However, CE is more medically valuable in the screening small-intestine-related diseases that are difficult to identify using general endoscopic examination. Thus, the second set of studies focused on frames of the small intestine from among the whole frames. Some of them focused on celiac disease, which can be found in the small intestine. [8] applied a DNN model to quantitatively evaluated celiac disease. [17] did not apply the deep learning technique, but studied the classification of CE image patterns to perform a comparative analysis between patients with celiac disease and normal patients. Other studies focused on Crohn's disease, which is a characteristic disease of the small intestine. Therefore, several studies conducted on evaluating and analyzing capsule endoscopic frames to obtain information associated with Crohn's disease have been conducted [18-20]. However, as the number of patients who have been examined using CE internationally is very small, collecting image data that can be utilized for machine learning is limited. Thus, some studies have analyzed the various characteristics of images that can be used for training. [21] analyzed some cases in various papers and extracted comprehensive characteristics that can be utilized as major features. [22] conducted studies to define various attributes of image datasets to detect gastrointestinal diseases through CE. In addition, [23] applied a support vector machine (SVM) or Siamese neural network method to remove redundant frames from a large number of frames and to provide summary information on capsule endoscopic frames.

However, such studies proposed a list of features that can be obtained in images, and analysis of the similarities or differences between features is insufficient. Additionally, as they do not consider standards such as MST and CEST, which define clinical information that can be obtained from capsule endoscopes; hence, they lack a semantic relationship to clinical information. Therefore, we propose a class-labeling method to enable the systematic design of DNNs based on a lesion-focused knowledge model in which associativity or hierarchical structure of information are defined. Although not in the same field, [24] proposed a method of learning radiology images using label ontology and [25] suggested a detection model of medical texts based on an ontology describing the semantic similarity of medical words in 2019. Similarly, [26] illustrated a “Deep-Onto” network for surgical workflow and context recognition in 2019. As such, recent studies have attempted to improve learning performance by using ontology as a knowledge model. Similarly, we defined a lesion-focused knowledge model using ontology, and it is discussed in Section 3.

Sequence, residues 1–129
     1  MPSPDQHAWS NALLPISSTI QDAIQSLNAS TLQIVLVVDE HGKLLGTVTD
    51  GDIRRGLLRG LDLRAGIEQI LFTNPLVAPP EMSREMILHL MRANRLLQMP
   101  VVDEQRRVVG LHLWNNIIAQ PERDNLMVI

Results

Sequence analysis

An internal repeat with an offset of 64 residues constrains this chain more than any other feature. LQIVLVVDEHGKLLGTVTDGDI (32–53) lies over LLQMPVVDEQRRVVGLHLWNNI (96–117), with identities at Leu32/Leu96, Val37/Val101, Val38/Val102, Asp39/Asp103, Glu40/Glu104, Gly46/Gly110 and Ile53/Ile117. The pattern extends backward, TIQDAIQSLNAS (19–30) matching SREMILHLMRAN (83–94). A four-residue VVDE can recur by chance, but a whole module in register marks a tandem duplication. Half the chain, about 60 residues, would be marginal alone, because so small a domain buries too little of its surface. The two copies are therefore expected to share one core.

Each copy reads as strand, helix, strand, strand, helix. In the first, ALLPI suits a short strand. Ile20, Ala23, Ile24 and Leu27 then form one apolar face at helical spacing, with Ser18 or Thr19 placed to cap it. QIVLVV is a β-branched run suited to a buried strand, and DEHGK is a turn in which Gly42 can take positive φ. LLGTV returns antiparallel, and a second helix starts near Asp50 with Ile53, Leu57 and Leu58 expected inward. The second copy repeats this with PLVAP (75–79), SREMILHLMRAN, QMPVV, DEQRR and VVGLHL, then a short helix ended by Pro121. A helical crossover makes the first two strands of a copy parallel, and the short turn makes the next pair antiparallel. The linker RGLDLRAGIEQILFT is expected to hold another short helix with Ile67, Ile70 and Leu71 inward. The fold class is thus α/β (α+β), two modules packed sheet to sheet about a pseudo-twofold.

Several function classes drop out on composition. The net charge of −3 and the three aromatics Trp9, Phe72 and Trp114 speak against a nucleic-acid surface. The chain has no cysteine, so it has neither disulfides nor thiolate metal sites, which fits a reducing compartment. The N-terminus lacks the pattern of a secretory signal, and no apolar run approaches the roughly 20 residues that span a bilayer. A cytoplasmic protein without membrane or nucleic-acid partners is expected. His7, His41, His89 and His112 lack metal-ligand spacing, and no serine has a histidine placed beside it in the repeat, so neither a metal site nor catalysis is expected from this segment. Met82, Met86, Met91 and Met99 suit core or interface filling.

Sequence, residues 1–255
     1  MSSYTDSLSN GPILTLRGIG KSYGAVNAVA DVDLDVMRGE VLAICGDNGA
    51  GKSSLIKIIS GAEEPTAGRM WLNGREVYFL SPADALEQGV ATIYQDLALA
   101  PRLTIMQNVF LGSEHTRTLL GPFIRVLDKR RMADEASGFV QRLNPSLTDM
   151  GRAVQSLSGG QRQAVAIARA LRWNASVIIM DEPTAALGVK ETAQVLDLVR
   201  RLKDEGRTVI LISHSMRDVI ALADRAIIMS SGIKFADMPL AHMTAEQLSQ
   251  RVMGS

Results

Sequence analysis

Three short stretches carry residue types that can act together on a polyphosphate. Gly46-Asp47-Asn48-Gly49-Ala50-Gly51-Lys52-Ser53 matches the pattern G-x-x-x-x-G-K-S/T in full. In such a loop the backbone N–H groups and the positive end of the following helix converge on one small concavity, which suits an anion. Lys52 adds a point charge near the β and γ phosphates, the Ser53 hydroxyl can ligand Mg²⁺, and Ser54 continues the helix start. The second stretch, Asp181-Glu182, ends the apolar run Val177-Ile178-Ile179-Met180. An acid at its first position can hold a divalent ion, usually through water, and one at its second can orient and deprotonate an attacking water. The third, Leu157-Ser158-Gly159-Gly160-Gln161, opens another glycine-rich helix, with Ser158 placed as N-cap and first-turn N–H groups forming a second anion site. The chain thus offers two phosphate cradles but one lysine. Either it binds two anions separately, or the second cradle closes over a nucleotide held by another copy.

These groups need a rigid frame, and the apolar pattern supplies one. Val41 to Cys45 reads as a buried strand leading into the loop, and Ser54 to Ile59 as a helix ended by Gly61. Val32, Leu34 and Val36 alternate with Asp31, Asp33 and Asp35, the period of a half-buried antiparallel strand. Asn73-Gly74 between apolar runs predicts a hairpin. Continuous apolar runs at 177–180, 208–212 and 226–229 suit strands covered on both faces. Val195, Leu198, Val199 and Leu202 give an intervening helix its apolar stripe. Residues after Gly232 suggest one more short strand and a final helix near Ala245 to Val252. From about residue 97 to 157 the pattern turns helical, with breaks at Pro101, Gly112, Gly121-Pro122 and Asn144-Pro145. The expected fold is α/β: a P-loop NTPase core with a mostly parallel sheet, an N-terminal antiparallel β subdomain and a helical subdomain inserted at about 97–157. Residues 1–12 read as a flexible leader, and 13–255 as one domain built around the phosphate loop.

3. Lesion-Focused Knowledge Model for CE

In this section, we investigate the main lesion information based on the major anatomy of interest and findings that can be observed in capsule endoscopic images. Additionally, we propose the lesion-focused knowledge model using ontology.

3.1 Anatomy of Gastrointestinal Tract

Capsule endoscopy is a test to observe the condition of the GI tract. Therefore, the main concern of CE is the observation of digestive organs. Therefore, we analyze an anatomical knowledge of the GI tract in this subsection to build a knowledge model that can be used in deep learning. The details of these components are shown in Fig. 4. First, the main anatomical landmarks are divided into 4 parts (esophagus, stomach, small intestine, and large intestine) whose details are as follows:

The esophagus is a tube that conveys food from the mouth to the stomach, and the endoscope capsule travels through it. The capsule often navigates through the esophageal section within a few tens of seconds.

The stomach is a digestive organ in the form of a pocket in which the food coming down through the esophagus is digested. It is acidic through the secretion of gastric acid, and it can be observed in a wide area because it is the form of a pocket.

The small intestine is composed of the duodenum, ileum, and jejunum, and is an organ in which various nutrients are chemically decomposed and absorbed. It is characterized by the presence of villi to absorb large amounts of nutrients.

The large intestine consists largely of the cecum, colon, etc., and water is absorbed in it. Additionally, residues (such as feces) after the nutrients have been absorbed, can also be observed.

The following is the structure of the GI junction that enables the anatomical landmarks to be identified. The entire GI tract can be distinguished by three types of valves, whose detailed explanation is as follows.